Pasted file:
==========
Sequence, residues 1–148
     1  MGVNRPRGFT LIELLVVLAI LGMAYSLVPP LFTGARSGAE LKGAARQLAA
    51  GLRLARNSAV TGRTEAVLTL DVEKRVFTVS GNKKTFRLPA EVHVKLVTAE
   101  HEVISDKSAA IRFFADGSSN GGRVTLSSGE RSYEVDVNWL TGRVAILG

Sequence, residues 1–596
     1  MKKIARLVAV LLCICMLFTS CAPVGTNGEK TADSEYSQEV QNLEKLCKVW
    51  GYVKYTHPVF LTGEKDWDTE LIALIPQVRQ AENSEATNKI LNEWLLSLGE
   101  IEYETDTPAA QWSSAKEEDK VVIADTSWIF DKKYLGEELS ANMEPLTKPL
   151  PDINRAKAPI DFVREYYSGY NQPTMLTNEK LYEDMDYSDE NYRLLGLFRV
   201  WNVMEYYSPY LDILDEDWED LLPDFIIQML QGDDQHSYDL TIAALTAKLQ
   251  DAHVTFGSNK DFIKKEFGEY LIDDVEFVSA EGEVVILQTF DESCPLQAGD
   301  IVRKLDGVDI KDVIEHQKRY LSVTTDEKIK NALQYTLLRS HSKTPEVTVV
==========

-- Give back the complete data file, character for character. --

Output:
Sequence, residues 1–148
     1  MGVNRPRGFT LIELLVVLAI LGMAYSLVPP LFTGARSGAE LKGAARQLAA
    51  GLRLARNSAV TGRTEAVLTL DVEKRVFTVS GNKKTFRLPA EVHVKLVTAE
   101  HEVISDKSAA IRFFADGSSN GGRVTLSSGE RSYEVDVNWL TGRVAILG

Sequence, residues 1–596
     1  MKKIARLVAV LLCICMLFTS CAPVGTNGEK TADSEYSQEV QNLEKLCKVW
    51  GYVKYTHPVF LTGEKDWDTE LIALIPQVRQ AENSEATNKI LNEWLLSLGE
   101  IEYETDTPAA QWSSAKEEDK VVIADTSWIF DKKYLGEELS ANMEPLTKPL
   151  PDINRAKAPI DFVREYYSGY NQPTMLTNEK LYEDMDYSDE NYRLLGLFRV
   201  WNVMEYYSPY LDILDEDWED LLPDFIIQML QGDDQHSYDL TIAALTAKLQ
   251  DAHVTFGSNK DFIKKEFGEY LIDDVEFVSA EGEVVILQTF DESCPLQAGD
   301  IVRKLDGVDI KDVIEHQKRY LSVTTDEKIK NALQYTLLRS HSKTPEVTVV